2) Reality check: artists aren't always right. Not even about their own work. Pollock might have dreamed of " the rebellious, the anarchic, the highly idiosyncratic", but he never moved beyond the canvas (he never even made the tiniest hole in it, as Fontana ever-so-modestly mentioned). Artists say a lot of things. And dream of even more. That's our job. If we don't dream, something is wrong. As Jules Verne put it, there are no great achievements without exaggerated expectations. But if this is true, we simply cannot take the artist's word for it. Or at least, we don't need to. Not even when they're dead and famous (what a scary combination!). That's why we might just pay more attention to our way of seeing The Fountain, or a drip painting, than to that of the artist. After all, if we listened to the wonderful, charming futurists, we wouldn't even know them.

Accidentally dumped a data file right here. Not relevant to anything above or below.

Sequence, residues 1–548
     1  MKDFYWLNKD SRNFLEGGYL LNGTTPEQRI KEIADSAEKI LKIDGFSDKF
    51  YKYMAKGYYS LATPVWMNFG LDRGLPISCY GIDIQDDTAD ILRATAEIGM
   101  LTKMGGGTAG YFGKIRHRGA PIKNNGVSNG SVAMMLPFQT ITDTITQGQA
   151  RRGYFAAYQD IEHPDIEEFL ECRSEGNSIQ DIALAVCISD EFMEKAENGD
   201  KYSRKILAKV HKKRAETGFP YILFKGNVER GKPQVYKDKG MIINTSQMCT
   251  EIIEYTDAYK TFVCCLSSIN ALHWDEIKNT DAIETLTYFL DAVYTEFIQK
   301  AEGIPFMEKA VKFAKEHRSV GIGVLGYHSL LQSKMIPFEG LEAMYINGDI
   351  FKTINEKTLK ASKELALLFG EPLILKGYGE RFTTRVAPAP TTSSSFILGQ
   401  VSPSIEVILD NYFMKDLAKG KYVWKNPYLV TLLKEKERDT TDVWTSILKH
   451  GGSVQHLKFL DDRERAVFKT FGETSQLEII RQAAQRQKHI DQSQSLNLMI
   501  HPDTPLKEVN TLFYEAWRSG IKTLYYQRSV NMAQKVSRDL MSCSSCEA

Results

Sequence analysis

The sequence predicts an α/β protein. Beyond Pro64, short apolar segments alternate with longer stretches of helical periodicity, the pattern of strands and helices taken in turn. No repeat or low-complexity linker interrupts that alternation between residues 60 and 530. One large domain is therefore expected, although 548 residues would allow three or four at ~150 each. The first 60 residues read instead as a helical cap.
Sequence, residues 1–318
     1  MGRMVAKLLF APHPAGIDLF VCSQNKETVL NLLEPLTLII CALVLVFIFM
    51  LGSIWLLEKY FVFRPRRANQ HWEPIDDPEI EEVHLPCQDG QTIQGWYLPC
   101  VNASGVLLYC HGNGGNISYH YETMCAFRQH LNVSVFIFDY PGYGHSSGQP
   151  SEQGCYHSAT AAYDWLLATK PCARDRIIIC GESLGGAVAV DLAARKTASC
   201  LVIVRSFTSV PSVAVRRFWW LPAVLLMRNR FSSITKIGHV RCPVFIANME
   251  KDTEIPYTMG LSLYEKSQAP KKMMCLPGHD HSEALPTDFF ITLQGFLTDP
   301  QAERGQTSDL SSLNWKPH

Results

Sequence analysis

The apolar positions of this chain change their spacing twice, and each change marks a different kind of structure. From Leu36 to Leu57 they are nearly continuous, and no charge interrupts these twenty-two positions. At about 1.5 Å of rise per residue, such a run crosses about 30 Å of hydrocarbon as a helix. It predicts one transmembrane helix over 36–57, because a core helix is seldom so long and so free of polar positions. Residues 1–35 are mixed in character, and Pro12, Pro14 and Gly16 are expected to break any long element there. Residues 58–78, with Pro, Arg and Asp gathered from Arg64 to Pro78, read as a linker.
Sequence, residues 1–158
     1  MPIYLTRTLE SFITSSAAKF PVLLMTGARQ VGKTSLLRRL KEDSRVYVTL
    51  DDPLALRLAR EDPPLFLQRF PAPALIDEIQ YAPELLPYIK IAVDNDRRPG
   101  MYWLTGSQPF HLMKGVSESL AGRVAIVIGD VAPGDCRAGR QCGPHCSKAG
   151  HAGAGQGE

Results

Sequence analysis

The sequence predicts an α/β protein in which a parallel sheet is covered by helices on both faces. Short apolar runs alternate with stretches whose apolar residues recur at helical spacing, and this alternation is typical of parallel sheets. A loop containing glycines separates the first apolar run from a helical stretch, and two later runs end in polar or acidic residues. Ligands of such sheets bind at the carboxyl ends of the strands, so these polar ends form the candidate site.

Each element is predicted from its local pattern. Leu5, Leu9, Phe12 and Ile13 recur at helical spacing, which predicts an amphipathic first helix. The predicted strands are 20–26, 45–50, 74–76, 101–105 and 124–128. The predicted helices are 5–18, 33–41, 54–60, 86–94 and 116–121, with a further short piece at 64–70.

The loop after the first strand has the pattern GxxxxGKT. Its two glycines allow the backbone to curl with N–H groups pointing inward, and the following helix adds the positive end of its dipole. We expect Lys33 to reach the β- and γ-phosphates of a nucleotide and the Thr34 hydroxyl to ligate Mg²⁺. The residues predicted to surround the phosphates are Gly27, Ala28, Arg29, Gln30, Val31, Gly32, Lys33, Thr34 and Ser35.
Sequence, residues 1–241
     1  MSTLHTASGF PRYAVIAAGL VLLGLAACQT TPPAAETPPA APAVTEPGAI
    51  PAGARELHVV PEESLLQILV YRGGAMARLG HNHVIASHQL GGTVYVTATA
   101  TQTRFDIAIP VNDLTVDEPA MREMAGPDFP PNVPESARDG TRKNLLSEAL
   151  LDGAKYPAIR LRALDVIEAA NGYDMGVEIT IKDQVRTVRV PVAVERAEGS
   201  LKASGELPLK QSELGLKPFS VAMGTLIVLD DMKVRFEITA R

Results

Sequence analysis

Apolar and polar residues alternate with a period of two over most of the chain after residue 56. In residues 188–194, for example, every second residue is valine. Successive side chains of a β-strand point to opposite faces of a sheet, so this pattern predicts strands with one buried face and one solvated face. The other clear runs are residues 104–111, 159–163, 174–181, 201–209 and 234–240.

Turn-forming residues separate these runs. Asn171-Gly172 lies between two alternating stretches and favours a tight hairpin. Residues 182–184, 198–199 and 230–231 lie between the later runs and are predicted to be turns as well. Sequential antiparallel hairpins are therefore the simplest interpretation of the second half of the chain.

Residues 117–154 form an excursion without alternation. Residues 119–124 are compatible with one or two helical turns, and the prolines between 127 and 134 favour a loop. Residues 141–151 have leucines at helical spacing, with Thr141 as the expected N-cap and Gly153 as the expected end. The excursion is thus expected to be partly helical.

I suppose if we join the dots 1) and 2), we see that the artists need a story and we need one. Trying to make us forget any story and see the "pure drip value" of a Pollock seems absurd. On the other hand, promoting the avant-garde tendency towards anarchy as a way of promoting the very artists that lived this tendency is, well, silly. Damn it. We actually need the library, and we need the museum. And some of us, yes, would like to know if the drip-dropped canvas they own was made by a genius or not. Does it change the value of the canvas? Of course. Why? Because we need the story.